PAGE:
What I Learned from Judging the RITAs®

For the first time ever, this year I was able to enter a book in the RITA® Awards. If you’re unfamiliar with the RITAs, it’s an award that:

“promote[s] excellence in the romance genre by recognizing outstanding published romance novels and novellas. The award itself is a golden statuette named after RWA’s first president, Rita Clay Estrada, and has become the symbol for excellence in published romance fiction.”

It’s been an…interesting experience, to say the least, one I felt compelled to write about. A caveat of being a judge, however, is that you’re not allowed to talk about the books you’re reading. It’s kind of like Fight Club, so I’ll have to speak about it in vague generalizations. Which is cool, because I totally don’t want to offend anyone. But the major thing I came away with after reading the six books that were delivered to my door was this: the system is flawed.

The RITAs are broken down into twelve categories: Contemporary (short, mid-length and long), erotic romance, historical (long and short), inspirational romance, paranormal romance, romance novella, romantic suspense, young adult romance and best first book. It’s also a peer-to-peer contest: if you enter your book, you have to judge. It should be a great system, right? As romance writers, we know our craft–we spend all our free time diligently working at it–and therefore should be the best judges of our peers’ work. The contest even gives you an out if you know the author or feel for any reason that you can’t judge a book fairly. That’s all well and good, but the problem I discovered when I read the back cover copy for the books I’d received was that they weren’t ones I personally wanted to read.

If you were playing Devil’s Advocate at that moment in time, you might have said to me, “Well hey, maybe you’ll pick up a book you never thought you would like and really enjoy it.” That’s totally spot on, and it was what I hoped when I sat down in front of the fire on a cold February evening and cracked open the first book. Keep an open mind, I told myself. Give it a shot. You might love it.

It wasn’t working.

In truth, I don’t think the writing was the whole cause of the problem, and for those times it was, I’m not going to spend any time discussing it, because I’m definitely not here to bash anyone’s work. The main issue was that the books were simply from romance sub-genres I simply don’t read, and this led me to hesitate every time I sat down to put in my scores. Was I really judging these books fairly? If I don’t enjoy Harlequin category books or romantic suspense, how could I give a score that truly reflected the time, energy and effort this author put in?

The entire process left a bad taste in my mouth. I felt guilty putting down my opinion on a book  I didn’t like simply because I don’t enjoy stories where the hero and heroine are constantly staring down the barrel of a gun, or ones where I’m getting bored because the sex scenes contain flowery words, or, in some other stories, were almost non-existent.

That was another thing I came away with–seeing the sparse amount of getting-busy scenes in some of these books made me wonder if we erotic romance writers really are the red headed step children of the industry.  Romance Writers of America defines erotic romance as “novels in which strong, often explicit, sexual interaction is an inherent part of the story, character growth, and relationship development and could not be removed without damaging the storyline.” As an erotic romance writer, stories with heavy sexual content are not only what I enjoy. Aside from paranormal romance, they’re the only sub-genre I read. It was another thing that left me wondering as I entered my scores if I was being fair. Was I giving a lower score because I personally was waiting for a sex scene that never came? (Pun intended. :-P)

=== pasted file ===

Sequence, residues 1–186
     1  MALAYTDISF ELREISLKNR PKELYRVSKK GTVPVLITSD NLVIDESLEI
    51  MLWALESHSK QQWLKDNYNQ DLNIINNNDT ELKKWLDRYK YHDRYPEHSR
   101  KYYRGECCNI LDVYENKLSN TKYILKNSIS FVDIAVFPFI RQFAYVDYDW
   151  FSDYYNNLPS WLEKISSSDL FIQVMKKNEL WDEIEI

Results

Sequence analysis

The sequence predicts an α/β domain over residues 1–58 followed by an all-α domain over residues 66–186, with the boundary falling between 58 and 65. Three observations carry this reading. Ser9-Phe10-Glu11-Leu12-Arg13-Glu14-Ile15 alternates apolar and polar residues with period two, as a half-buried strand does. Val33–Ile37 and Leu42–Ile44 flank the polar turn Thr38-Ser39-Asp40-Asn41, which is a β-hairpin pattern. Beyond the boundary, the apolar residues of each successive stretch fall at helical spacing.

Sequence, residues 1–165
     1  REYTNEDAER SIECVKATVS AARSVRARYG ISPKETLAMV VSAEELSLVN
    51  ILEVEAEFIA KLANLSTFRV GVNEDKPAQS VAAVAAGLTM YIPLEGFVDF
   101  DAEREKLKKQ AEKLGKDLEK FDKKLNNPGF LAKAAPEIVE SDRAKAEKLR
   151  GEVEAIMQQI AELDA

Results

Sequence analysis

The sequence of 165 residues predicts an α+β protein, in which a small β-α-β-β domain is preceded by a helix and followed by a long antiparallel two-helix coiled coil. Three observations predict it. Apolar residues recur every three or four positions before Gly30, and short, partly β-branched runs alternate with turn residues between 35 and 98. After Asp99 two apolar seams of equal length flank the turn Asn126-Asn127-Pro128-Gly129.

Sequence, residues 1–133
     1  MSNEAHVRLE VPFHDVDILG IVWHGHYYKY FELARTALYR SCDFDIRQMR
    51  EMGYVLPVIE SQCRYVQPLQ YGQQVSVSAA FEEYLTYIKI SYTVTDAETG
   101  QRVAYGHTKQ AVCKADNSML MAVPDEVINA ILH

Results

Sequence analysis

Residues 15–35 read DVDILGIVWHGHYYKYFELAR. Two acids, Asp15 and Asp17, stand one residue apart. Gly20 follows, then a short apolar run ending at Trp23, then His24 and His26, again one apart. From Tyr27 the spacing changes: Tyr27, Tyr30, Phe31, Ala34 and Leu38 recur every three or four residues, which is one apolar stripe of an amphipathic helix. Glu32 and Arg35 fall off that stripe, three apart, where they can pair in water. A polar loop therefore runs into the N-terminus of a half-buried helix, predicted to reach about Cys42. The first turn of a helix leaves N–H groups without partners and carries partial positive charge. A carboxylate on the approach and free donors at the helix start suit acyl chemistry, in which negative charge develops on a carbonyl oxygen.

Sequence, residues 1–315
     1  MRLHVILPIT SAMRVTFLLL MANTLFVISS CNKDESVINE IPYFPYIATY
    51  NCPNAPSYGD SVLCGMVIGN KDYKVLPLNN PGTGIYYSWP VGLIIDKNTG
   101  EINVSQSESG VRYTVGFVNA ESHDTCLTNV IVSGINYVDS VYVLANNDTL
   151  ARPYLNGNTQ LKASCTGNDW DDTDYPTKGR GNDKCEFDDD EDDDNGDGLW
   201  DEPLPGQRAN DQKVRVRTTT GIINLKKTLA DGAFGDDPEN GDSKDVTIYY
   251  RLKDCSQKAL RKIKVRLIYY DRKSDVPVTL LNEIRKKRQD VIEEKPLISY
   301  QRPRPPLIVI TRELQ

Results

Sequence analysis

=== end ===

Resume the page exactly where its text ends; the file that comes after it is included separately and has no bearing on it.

Book after book, I started feeling entirely unequipped to be a part of this process. And, as I kept reading, my last beef really came to a head: it started becoming a chore.

I’m aware that many of my peers had more books delivered than I did. However, the sheer amount of pages I had to read–1700, to be exact–began to overwhelm me. I aimed for 50 pages a day at the least. I read while my lunch was cooking, while standing in line for classes at the gym, even (I’ll come out and say it) while I was in the bathroom. But when you’re desperately trying to get through the pages you’re required to read, knowing you have to get through them all by a certain due date, how can the process feel like anything other than homework?

When I finally finished the last book, I have to admit, I felt something like this:

I don’t think that’s what the authors who’d written the books I was assigned had hoped for. And I also don’t think it’s that far-fetched a concern to worry that my little book might have suffered the safe fate as theirs.

I haven’t thought of an alternative to the judging process. (Not that anyone’s sitting around waiting for my thoughts on the matter.) I will say that reading so many different books gave me the perspective I needed on why there’s such a broad range of reviews out there, not only only my book, but others. It really is so entirely personal. What I enjoy, someone else might hate, and vice versa. Potato, potahto. So for now I guess I’ll wish all my fellow entrants good luck when the scores come in, and go back to my regularly scheduled programming: reading the smutty stuff. 😉

Happy almost-Spring, everyone.

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